spanning-tree port type network
  spanning-tree guard loop
interface port-channel2
  description vPC keepalive link to 5548-25-B
  switchport mode trunk
  switchport trunk allowed vlan 2
  spanning-tree port type network
  spanning-tree guard loop
interface Ethernet1/2
  description 5548-25-B:1/2
  switchport mode trunk
  switchport trunk allowed vlan 2
  channel-group 2 mode active
interface Ethernet1/10
  description 5548-25-B:1/10
  switchport mode trunk
  switchport trunk allowed vlan 2
  channel-group 2 mode active
The configuration here is for switch "A" in the 25th pair of Nexus 5548s. Port-channel 1 on all switch pairs is the vPC peer link, and port-channel 2 (shown here) carries the peer keepalive traffic on VLAN 2.

Wednesday, January 25, 2012

Hot Hot Hot FEX Fix!

Cisco Nexus 2xxx units run hot in a typical server cabinet because their short depth causes them to ingest hot air produced by servers. Exhaustive (get it?) detail here.

Until now, the best fix has been the Panduit CDE2 inlet duct for Neuxs 2000 and Catalyst 4948E:

The CDE2 works great, but has some downsides:
  • Street price according to a google shopping search is around US $400.
  • It doubles the space required for installing a FEX.
  • Post-deployment installation of the CDE2 will be disruptive - it can't be retrofitted.
Today I learned that Cisco has released their own fix for the N2K's airflow woes. The NXA-AIRFLOW-SLV= "Nexus Airflow Extension Sleeve" is currently orderable, and it lists for only $150!

I've never seen one of these buggers, but I've heard that it's only 1RU, which is nice. I don't have any other detail about it.

I hope that it will be simple to retrofit onto currently installed Fabric Extenders.

UPDATE 2/1/2012 I have some additional information about the NXA-AIRFLOW-SLV.

It's orderable, but the lead times tool indicates that it's on New Product Hold. Cisco tells me that the sleeve will have full documentation and will make an appearance in the dynamic configuration tool (as an N2K option) within a couple of weeks.

In the mean time, there's this: Temperature-Solutions-note.pdf

That document includes the following pictures of the implementation:
Duct with airflow sketch

Installation drawing

FEX with duct installed

Installing this bugger onto an existing FEX (especially one with servers mounted immediately above and below) will be an interesting exercise in problem solving, but looks possible. Power supply cables will need to be threaded through the duct before it's put into place. I wonder if the 2m power cords will be able to reach from the FEX, around the cold-side rack rail, and then all the way to the PDU in the hot aisle?

Also covered in the document is an interesting inlet duct (more of a hat) for reverse airflow FEXen (those with intake on the port end):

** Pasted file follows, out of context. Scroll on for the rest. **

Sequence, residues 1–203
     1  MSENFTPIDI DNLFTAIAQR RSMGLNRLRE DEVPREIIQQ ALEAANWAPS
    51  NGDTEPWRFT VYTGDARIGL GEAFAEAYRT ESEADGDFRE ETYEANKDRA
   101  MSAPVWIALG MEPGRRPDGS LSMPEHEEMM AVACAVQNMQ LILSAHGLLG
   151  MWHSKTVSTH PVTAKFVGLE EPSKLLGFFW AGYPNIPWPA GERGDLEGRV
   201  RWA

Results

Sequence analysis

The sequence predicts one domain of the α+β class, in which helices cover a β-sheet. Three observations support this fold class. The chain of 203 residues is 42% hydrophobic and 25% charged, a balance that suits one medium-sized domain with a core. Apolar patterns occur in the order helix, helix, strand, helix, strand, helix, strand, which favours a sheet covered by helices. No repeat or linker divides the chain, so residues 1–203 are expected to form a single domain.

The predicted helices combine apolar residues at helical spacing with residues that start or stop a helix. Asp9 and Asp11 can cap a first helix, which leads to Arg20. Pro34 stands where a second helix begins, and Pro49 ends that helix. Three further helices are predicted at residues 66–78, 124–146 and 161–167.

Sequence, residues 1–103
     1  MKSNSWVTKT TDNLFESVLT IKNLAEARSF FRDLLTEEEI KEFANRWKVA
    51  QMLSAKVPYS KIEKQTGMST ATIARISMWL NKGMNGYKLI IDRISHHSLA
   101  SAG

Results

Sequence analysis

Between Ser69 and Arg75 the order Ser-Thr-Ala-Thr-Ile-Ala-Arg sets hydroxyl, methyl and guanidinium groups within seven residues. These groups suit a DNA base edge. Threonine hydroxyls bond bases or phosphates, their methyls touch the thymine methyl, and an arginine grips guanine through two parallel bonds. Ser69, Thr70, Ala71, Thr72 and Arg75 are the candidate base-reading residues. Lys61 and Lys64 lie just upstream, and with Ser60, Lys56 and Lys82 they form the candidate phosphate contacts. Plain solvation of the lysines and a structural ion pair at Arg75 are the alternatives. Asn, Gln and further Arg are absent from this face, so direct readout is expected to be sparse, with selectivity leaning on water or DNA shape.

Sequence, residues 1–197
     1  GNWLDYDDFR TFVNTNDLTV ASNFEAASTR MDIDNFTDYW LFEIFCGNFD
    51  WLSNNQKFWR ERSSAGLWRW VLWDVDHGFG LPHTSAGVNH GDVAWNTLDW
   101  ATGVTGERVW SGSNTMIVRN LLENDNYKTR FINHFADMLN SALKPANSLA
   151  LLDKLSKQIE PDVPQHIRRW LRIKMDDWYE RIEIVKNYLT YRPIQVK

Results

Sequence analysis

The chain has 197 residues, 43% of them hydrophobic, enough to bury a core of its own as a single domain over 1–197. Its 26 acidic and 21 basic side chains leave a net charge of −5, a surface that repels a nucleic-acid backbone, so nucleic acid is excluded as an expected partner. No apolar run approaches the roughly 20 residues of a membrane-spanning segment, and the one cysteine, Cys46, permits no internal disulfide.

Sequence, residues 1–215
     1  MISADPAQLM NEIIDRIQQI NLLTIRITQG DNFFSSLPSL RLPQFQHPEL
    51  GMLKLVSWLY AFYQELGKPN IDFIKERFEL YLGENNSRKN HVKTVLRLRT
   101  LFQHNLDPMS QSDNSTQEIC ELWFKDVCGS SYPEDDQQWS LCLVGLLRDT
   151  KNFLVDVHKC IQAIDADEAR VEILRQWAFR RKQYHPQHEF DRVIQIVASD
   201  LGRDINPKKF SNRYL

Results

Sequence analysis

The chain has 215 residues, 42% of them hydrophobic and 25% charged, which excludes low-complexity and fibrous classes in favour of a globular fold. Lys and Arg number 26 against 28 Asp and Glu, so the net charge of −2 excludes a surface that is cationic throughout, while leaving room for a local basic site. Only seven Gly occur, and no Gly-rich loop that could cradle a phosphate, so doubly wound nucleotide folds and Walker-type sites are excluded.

Inlet hat for reverse airflow FEX

This guy makes sense if the FEX is mounted flush with the rack rails (as shown above) and has no equipment installed in the space directly above it. It'd probably be easier to mount the FEX so that the intake vent protrudes beyond the mounting rail like this:
FEX standing proud of the rack mounting rail
...But this sort of mounting is usually only possible on the hot side of a cabinet. The cold side is usually pretty close to the cabinet door, and wouldn't tolerate 2" of FEX plus a couple of inches of cable protrusion. This accessory (the hat) doesn't seem to be orderable yet.

Monday, January 23, 2012

Nexus vPC Orphan Ports

"Orphan Port" is an important concept when working with a Cisco Nexus vPC configuration. Misunderstanding this aspect of vPC operation can lead to unnecessary downtime because of some of the funny behavior associated with orphan ports.

Before we can define an orphan port, it's important to cover a few vPC concepts. We'll use the following topology.

Here we have a couple of Nexus 5xxx switches with four servers attached. The switches are interconnected by a vPC peer link so that they can offer vPC (multi-chassis link aggregation) connections to servers. The switches also exchange vPC peer-keepalive traffic over an out-of-band connection.

Lets consider the traffic path between some of these servers:
This traffic takes a single hop from "A" to its destination via S1.
The path of this traffic depends on the which link the server's hashing algorithm chooses. Traffic might go only through S1, or it might take the suboptimal path through S2 and S1 (over the peer link).
The path of this traffic is unpredicatable, but always optimal. These servers might talk to each other through S1 or through S2, but their traffic will never hit the peer link under normal circumstances.
This traffic always crosses the peer link because A and D are active on different switches.

vPC Primary / Secondary - In a vPC topology (technically a vPC domain), one switch is elected primary, and the other secondary according to configurable priorities and MAC address-based entropy. The priority and role is important in cases where the topology is brought up and down, because it controls how each switch will behave in these exceptional circumstances.

vPC peer link - This link is a special interconnection between two Nexus switches which allows them to collaborate in the offering of multi-chassis EtherChannel connections to downstream devices. The switches use the peer link to "get their stories straight" and unify their presentation of the LACP and STP topologies.

The switches also use the peer link to synchronize the tables they use for filtering/forwarding unicast and muliticast frames.